Thinking as a cyclist I checked out possible paths where walking was also encouraged. My first stop was at the railway station. “Belleville became an important railway junction with the completion of the Grand Trunk Railway in 1856.” Unfortunately it appeared the station was closed so I walked further on to admire some of the condos and townhouses along the river – minimal glimpses. Some very nice boats tied to private docks. No access to trails that way so I headed back to the railway station. This is where one of my few prejudices kicked in. (I will not go into detail as to why; suffice to say I do have a legitimate reason) Two men, who appeared to be insufficiently homed and possibly inebriated (this was before 10:00am), were sitting on a bench at the entrance to both trails so I approached the trails around the backside in the hopes of not creating any friction. In either direction the main arteries were closed due to flooding. So I had to backtrack to the crosswalk, smack damn in front of the aforementioned benches and occupants. To raise my blood pressure one of the men sauntered towards the same crossing I was heading for. I crossed, waited for the next crossing to go to the opposite side. Of course this fellow saw someone he knew and crossed over part way up the street. I know I was overreacting but knowing should never be discounted when in an unfamiliar place. I headed to a Church Street.

The river appeared very close to lapping the tracks

Of course, once again, none of the churches were open. This makes me think about my daughter’s PhD focus on the interconnection of Sacred and Secular spaces – where tourism flourishes. I expect locking the doors is a direct impact of too few congregates, priests and pastors and the various individuals who make a church run smoothly. As steeples seem to fascinate me I took photos of those rather than poor ones of stained glass. The United Church, sitting on a hillock above the street, had a quite an ambitious garden going. I have a strong belief that churches should use the land for gardens to “share his bread with the poor.” On that note it was time for lunch.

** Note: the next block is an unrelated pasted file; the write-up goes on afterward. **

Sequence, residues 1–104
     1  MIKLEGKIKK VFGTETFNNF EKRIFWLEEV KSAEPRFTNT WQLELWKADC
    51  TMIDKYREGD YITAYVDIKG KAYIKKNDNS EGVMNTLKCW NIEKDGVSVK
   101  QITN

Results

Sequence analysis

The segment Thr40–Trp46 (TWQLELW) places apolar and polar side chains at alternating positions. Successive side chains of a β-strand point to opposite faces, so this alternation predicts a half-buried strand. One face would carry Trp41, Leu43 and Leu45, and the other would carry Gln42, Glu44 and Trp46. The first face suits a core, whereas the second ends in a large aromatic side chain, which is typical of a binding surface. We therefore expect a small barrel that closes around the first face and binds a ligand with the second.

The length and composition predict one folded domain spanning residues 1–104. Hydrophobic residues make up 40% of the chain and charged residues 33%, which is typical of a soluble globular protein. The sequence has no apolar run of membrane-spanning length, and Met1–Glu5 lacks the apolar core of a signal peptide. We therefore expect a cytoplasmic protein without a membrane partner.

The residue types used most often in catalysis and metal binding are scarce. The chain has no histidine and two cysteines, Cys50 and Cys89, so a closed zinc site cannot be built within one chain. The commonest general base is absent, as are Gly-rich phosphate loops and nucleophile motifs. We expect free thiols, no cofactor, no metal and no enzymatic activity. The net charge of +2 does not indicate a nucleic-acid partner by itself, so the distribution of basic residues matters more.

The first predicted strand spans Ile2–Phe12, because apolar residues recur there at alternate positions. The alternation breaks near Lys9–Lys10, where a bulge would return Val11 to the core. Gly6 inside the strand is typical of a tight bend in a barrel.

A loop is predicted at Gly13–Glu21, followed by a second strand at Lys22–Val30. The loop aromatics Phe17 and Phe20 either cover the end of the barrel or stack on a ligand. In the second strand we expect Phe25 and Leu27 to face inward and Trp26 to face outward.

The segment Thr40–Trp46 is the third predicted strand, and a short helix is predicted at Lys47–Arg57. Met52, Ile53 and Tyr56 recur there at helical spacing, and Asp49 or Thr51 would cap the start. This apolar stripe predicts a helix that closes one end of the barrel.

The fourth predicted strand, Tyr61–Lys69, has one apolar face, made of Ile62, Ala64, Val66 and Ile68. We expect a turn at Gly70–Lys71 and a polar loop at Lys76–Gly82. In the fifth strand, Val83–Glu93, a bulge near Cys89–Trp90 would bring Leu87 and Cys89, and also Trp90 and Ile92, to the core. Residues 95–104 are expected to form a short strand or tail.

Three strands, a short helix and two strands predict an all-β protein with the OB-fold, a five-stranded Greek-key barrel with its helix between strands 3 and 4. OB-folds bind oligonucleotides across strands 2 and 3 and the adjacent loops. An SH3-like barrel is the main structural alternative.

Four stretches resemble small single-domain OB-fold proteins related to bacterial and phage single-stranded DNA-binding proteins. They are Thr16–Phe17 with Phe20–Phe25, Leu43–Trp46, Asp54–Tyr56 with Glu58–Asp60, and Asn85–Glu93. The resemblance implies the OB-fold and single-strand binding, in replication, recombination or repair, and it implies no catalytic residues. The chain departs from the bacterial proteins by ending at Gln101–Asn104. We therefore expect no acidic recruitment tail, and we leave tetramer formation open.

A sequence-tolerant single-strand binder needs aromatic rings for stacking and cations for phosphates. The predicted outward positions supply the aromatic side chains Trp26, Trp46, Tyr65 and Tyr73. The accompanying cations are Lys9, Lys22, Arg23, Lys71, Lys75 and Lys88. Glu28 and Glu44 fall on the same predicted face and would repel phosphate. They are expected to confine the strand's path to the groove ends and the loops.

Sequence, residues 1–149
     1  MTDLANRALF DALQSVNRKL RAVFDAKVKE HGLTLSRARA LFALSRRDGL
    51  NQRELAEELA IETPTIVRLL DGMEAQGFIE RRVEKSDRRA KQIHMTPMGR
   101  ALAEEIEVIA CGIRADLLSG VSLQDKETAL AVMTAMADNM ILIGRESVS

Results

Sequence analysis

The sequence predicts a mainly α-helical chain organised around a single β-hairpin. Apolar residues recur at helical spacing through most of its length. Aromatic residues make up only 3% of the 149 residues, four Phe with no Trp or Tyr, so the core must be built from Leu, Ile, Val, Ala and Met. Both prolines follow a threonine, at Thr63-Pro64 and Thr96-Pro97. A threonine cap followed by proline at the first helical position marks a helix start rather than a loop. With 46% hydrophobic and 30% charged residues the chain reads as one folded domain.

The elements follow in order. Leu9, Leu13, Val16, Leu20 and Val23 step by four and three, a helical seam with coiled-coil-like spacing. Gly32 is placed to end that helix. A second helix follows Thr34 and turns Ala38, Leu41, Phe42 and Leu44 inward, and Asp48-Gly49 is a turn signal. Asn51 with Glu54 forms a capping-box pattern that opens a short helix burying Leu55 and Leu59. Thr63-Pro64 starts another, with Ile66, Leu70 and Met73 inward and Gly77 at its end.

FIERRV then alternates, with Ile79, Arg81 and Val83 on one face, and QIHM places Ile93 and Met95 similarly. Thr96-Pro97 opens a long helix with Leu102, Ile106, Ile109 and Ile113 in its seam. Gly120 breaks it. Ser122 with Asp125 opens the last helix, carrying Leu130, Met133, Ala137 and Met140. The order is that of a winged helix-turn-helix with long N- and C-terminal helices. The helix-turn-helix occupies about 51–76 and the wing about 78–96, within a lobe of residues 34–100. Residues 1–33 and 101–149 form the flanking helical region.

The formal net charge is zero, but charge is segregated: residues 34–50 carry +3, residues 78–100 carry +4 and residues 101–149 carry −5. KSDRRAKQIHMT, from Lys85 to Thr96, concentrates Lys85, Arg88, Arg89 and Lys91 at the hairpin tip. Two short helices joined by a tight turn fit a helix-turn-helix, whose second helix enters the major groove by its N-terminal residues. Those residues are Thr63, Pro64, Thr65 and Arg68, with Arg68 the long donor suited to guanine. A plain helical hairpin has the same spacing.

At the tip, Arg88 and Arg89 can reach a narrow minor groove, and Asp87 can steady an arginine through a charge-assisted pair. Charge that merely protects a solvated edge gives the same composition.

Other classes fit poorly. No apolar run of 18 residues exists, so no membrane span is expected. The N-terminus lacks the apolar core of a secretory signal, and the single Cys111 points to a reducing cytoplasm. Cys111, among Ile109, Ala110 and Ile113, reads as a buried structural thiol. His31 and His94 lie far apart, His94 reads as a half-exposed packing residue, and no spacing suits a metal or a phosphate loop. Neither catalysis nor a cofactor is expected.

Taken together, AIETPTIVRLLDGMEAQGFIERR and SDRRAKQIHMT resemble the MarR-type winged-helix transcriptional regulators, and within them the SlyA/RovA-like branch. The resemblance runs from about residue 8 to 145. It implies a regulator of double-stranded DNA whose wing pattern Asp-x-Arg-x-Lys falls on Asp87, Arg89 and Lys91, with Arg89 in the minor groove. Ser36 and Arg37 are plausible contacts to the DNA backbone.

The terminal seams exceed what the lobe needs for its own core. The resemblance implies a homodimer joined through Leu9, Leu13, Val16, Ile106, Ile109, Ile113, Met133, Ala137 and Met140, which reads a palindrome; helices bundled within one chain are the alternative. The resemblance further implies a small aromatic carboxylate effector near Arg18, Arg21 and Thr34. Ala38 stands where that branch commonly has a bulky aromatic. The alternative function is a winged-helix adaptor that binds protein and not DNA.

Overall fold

Like I had passed the Brake Room, I went by Paulo’s Italian Trattoria a couple of times during my wandering. My daughter had a couple of hours before seeing her patient again and sent a text suggesting an early lunch. I was checking out the menus when a server and then the owner said I could come in although it was not even 11:00 and they would not open for another half hour. Coffee was put on to brew, water provided. I was duly impressed without even eating anything. Lunch turned out to be delicious. Warm bread with butter, and a hearty soup. It had been raining off and on all morning. Great service, all within the timeframe before we had to rush off. 

I was dropped off at a nursery where I am sure the owners thought I had been abandoned. One can only traverse the aisles of a small greenhouse and the outdoor paths of a small operation for so long. I probably walked 5000+ steps! When I was finally picked up we bought some lovely flowering plants and I thanked the owners for letting me hang out.